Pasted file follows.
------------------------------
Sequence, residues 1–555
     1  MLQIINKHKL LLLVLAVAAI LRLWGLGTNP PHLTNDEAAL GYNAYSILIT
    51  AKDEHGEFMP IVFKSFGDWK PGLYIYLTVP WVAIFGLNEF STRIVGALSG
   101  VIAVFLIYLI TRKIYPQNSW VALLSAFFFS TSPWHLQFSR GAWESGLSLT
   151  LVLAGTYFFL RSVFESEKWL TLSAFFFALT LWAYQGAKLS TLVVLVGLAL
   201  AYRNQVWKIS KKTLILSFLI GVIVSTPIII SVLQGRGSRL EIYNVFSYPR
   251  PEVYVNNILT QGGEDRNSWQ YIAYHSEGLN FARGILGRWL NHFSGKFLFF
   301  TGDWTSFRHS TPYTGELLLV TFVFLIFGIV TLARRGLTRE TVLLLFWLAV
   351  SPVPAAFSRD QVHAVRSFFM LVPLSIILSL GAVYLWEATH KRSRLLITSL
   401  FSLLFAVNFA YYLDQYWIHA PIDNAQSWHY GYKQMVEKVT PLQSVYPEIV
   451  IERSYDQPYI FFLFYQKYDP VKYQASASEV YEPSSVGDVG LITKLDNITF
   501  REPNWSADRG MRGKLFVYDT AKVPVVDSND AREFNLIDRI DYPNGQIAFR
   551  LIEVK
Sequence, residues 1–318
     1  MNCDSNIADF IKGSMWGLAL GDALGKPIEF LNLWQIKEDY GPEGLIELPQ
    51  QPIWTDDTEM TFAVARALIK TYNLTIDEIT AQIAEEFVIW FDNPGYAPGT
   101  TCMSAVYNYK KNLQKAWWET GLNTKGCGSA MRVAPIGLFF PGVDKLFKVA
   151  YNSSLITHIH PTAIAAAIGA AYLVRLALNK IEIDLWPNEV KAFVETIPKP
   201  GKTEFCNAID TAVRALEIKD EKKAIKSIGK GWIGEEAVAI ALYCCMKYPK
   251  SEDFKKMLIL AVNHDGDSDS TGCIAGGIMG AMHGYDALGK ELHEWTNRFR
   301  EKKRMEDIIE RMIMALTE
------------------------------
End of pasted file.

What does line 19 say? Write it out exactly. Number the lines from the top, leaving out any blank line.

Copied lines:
   201  GKTEFCNAID TAVRALEIKD EKKAIKSIGK GWIGEEAVAI ALYCCMKYPK